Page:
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Halloween candy still hitting shelves early, despite pandemic

Sweet sales have increased slightly as shoppers seek to indulged

Despite the pandemic, consumers are still seeing Halloween candy hit store shelves earlier this year in some parts of the country, if not as much at some of Florida’s leading grocers.

Nationally, retailers are looking to extend the shopping season as trick-or-treating is anticipated to decline this year due to COVID-19 and it’s potential to tamp down trick-or-treating, a trend first reported by CNN.

Hershey’s told the Tampa Bay Times that retailers moved their Halloween candy sales earlier by about two to three weeks in August this year, but that the pandemic hadn’t affected their normal 10-week season of sales.

“These trends are by retailer and not state specific,” Alex Corcoran, senior director of occasions and partnerships for Hershey’s, said in an emailed statement to the Tampa Bay Times.

Mars Wrigley said certain retailers began carrying its Halloween candy in early August and that its timeline was not impacted by COVID-19 either.

In Florida, retailers have said they mostly plan to release Halloween candy on their normal schedule in September. While trick-or-treating may decrease this year with COVID-19, shoppers have developed a sweet tooth seeking comfort foods during the pandemic that may offset the decline.

Southeastern Grocers, which owns Winn Dixie, said Halloween candy hit shelves Friday. Meanwhile, Publix spokesperson Maria Brous said that Florida shoppers can expect to see their Halloween favorites starting in mid-September, the store’s “traditional timeframe” for stocking its shelves with holiday sweets.

“While we recognize that traditions may be different for families and consumers this year, we also want to provide our customers with the items they are looking for,” Brous said in an email to the Tampa Bay Times. “Candy is synonymous with Halloween, as well as a favorite all year long.”

Target said its Halloween merchandising is following a similar timeline, with displays going up in September, the company’s normal timeline. The same holds true for Walmart, although the company did begin releasing other Halloween products in early August, which it said was on course with its release dates from last year.

Last year, the National Retail Federation anticipated consumers would spend about $8.8 billion on Halloween.

Scott Shalley, president and CEO of Florida Retail Federation, encouraged shoppers to support local businesses this year in their shopping.

“No one’s disappointed to see Halloween candy, decorations and costumes popping up on store shelves early this year,” he said in a statement to the Tampa Bay Times. “It’s been a difficult year for many Florida families and Florida retail stores, but Halloween festivities give us all something to look forward to and hope for.”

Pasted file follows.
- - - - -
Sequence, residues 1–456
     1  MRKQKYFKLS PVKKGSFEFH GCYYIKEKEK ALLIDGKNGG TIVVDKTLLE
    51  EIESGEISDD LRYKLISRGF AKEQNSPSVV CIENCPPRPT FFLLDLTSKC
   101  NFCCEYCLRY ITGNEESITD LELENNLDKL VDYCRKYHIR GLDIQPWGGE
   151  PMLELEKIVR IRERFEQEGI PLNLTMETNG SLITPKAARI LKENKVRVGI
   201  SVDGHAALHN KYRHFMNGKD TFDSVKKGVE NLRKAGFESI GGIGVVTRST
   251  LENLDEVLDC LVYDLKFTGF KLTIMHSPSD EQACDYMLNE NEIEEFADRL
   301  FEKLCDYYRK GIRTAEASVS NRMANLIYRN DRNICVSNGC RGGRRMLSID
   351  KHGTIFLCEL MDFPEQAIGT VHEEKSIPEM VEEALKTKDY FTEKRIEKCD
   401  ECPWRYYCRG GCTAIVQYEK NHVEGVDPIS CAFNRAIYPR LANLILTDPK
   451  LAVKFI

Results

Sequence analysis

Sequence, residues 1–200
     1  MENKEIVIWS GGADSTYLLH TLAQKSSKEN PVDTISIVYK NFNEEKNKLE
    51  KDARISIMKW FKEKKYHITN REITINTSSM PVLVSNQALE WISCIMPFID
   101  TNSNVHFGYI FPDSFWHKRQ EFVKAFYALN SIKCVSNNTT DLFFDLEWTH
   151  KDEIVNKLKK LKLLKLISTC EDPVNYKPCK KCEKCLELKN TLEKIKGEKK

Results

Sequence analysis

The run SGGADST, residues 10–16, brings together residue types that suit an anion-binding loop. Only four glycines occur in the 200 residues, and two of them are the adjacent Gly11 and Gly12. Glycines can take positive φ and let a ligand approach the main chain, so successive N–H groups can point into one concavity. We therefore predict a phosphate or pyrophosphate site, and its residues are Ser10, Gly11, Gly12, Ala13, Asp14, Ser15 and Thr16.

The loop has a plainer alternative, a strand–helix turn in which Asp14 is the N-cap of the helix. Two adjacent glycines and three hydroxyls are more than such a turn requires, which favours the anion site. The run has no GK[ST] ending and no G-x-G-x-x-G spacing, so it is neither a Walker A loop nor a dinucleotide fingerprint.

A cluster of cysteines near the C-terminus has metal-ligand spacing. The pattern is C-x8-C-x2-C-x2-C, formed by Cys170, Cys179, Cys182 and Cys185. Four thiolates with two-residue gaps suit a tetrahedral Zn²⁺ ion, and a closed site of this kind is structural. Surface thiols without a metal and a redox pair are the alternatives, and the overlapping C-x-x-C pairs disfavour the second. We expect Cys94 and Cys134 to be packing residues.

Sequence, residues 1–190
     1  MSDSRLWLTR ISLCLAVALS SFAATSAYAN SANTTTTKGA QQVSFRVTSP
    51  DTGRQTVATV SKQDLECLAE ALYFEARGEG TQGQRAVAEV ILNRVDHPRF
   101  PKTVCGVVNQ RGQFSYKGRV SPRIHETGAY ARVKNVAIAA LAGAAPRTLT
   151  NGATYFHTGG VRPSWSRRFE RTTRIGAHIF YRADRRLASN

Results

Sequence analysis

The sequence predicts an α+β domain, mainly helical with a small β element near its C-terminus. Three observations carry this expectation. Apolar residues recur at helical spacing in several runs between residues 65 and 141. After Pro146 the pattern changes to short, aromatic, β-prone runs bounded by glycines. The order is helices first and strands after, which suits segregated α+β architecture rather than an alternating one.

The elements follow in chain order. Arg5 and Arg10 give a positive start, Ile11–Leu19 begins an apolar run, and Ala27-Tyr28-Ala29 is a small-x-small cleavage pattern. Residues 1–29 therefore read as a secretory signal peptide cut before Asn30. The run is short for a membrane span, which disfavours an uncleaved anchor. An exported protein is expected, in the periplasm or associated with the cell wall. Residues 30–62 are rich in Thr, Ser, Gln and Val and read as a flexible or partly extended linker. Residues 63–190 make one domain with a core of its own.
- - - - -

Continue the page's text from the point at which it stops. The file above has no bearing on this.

University of South Florida marketing professor Dipayan Biswas said there has been a trend of companies pushing holiday sales earlier and earlier for several years, in order to win a slightly larger portion of customers than their competitors. However, that strategy quickly turns into a “zero sum game.”

While many companies, especially in the hospitality sector, have taken hits during the pandemic, Biswas said some companies are actually doing better this time of year than last year. In particular, chocolate, candy and cookie sales have increased year-over-year.

“People are indulging more,” he said.

Florida consumers’ candy purchases are up slightly from last year, according to data from St. Petersburg-based marketing firm Catalina. For the week of Aug. 22, stores’ candy sales in dollars were up two percent, while consumers’ dollars spent on candy per trip were up 16 percent compared to a similar time frame last year.

Hershey’s said it has also seen an increase in revenue.

“Over the last 4 weeks, our retail takeaway at measured channels is up +27.2% versus this time last year,” Corcoran said.

Jane Rakestraw, owner of Schakolad Chocolate Factory in St. Petersburg, said while the company’s sales dipped at the beginning of the pandemic, she said the store has seen sustained business lately.

“It hasn’t impacted us as much,” she said of the pandemic.

Around Halloween each year, the store makes lollipops and seasonal gift baskets as well as jack-o-lantern and tombstone-shaped sweets. While normally the store would start producing these products in early September, Rakestraw said the company started making these items a few weeks ago. As many people work from home, they’re more likely to want sweets and have time for online shopping, she said.

“We’re just doing things earlier because we think people have more time on their hands,” Rakestraw said.

Not all sweet shops are jump-starting their Halloween merchandising, however. William Brown, head of William Dean Chocolates in Belleair Bluffs, said normally the store makes special themed chocolate boxes around the holiday.

“We won’t be doing that probably for a month or so,” he said.

Because the store specializes in high-end sweets, the chocolate shop doesn’t anticipate a significant impact to its Halloween-based sales. However, that’s not to say the pandemic’s impact on holidays won’t reach the store in other ways.

“What we’re really concerned about is Christmas season,” Brown said.

• • •

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